Sling Blade

Smart People

The Yards – aka The Yawds. Don’t know if this is the Director’s Cut from a couple years back or not. They don’t tell me anything… And to confuse matters further, Echo Bridge Entertainment drops exceedingly inferior Blu Ray versions of From Dusk Til Dawn and Halloween H20 on us on the same day. I don’t get how the deals went down just yet, but it looks like there are Miramax titles that went to Lionsgate, and Dimension titles that went to Echo Bridge. Echo Bridge’s Blu Ray stuff is so abysmal it makes Alliance Atlantis look like the fucking Criterion Collection. Avoid this shit at any cost.

It’s Not All From Miramax This Week – Here THE OTHER STUDIOS’ BLU RAY:

The Dilemma

Fuck you, Kevin James. Fuck you and the comically Photoshopped Mr. Potato Head standing in as your mug in this artwork. Conversely, I love you Jennifer Connelly…but you’re breaking my heart. Based on your recent choices, you and Prince Paul should check your apartment for excessive carbon monoxide – either that, or stop using Cuba Gooding Jr’s Magic Eight Ball to choose the work.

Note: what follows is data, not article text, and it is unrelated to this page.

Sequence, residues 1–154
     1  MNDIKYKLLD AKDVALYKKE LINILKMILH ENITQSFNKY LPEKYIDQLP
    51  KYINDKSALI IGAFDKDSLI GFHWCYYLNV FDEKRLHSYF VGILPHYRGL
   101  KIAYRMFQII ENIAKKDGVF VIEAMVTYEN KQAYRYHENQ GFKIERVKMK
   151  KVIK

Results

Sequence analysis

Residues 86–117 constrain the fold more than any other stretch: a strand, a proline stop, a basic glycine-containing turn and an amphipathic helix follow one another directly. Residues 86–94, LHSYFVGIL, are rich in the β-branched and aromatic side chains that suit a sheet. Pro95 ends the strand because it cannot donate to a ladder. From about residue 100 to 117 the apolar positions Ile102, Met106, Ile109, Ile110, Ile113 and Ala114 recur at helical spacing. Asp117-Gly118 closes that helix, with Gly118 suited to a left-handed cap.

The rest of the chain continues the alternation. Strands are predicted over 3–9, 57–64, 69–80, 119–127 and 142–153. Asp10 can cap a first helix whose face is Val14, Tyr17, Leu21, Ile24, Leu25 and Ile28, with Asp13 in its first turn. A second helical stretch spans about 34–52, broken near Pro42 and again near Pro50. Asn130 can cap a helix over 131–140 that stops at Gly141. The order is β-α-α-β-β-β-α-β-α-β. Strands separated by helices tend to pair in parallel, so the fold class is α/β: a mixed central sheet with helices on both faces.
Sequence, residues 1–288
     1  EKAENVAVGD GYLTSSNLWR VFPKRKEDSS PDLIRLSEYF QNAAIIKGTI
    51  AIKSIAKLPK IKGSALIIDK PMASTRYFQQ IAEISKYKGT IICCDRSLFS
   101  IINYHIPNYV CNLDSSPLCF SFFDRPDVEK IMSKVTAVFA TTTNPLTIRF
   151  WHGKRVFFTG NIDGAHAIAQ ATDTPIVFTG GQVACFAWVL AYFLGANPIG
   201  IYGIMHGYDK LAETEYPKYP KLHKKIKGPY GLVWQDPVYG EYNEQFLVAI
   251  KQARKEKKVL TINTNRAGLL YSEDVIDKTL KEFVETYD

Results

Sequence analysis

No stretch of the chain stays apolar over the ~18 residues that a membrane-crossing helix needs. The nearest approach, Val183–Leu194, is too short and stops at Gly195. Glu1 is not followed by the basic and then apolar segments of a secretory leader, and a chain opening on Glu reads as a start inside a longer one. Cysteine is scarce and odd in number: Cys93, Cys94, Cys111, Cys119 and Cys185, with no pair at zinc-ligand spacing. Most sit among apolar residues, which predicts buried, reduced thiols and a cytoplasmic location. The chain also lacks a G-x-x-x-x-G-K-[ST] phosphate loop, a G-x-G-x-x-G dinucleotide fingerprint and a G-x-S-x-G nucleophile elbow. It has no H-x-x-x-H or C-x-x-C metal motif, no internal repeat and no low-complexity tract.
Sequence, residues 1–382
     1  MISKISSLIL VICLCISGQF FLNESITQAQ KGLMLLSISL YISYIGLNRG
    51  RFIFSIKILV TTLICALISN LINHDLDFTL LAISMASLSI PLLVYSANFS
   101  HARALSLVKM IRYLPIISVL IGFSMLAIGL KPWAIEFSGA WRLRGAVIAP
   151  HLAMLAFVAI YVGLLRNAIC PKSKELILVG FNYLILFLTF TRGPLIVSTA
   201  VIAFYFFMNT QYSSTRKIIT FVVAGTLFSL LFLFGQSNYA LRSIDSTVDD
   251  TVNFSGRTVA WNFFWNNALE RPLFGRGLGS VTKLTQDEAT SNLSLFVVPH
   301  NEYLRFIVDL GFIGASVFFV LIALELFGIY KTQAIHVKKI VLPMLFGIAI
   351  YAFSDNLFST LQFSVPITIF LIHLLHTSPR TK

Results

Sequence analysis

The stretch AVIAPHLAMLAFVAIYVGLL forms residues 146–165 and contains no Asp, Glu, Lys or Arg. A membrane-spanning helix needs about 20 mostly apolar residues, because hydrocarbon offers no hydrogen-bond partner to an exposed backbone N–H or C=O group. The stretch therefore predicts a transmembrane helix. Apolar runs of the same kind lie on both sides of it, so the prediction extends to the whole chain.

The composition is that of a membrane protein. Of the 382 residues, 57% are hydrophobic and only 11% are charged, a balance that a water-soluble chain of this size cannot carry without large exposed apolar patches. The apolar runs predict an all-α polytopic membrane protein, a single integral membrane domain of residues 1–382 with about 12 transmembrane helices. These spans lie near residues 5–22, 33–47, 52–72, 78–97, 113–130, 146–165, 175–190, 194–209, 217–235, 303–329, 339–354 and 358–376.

Fat Girl aka À ma sœur! aka For My Sister (Criterion)


Catherine Breillat has only ever been hell-bent on terrifying us with sexuality. She reminds me a bit of Cronenberg in that regard – except I would argue that nothing Diamond Dave has ever committed to film has disturbed me the way Breillat’s films have. And I’ve seen everything…I’ve seen it all. It probably has something to do with the fact that Cronenberg almost always peers into the biological creepishness through a metaphorical membrane of the fantastique – whereas there’s nothing metaphorical about the nightmares Breillat’s women/girls face (there’s also nothing metaphorical about porn star Rocco Siffredi’s hwhang). Fat Girl is about two very young females exploring their ideas of love (kinda) and sexuality (totally), and how horrific both can be. The ending of this film will beat the fuck out of you, plain and simple – like Rocco Siffredi’s hwhang (hwy am I saying hwhat hwhat hway).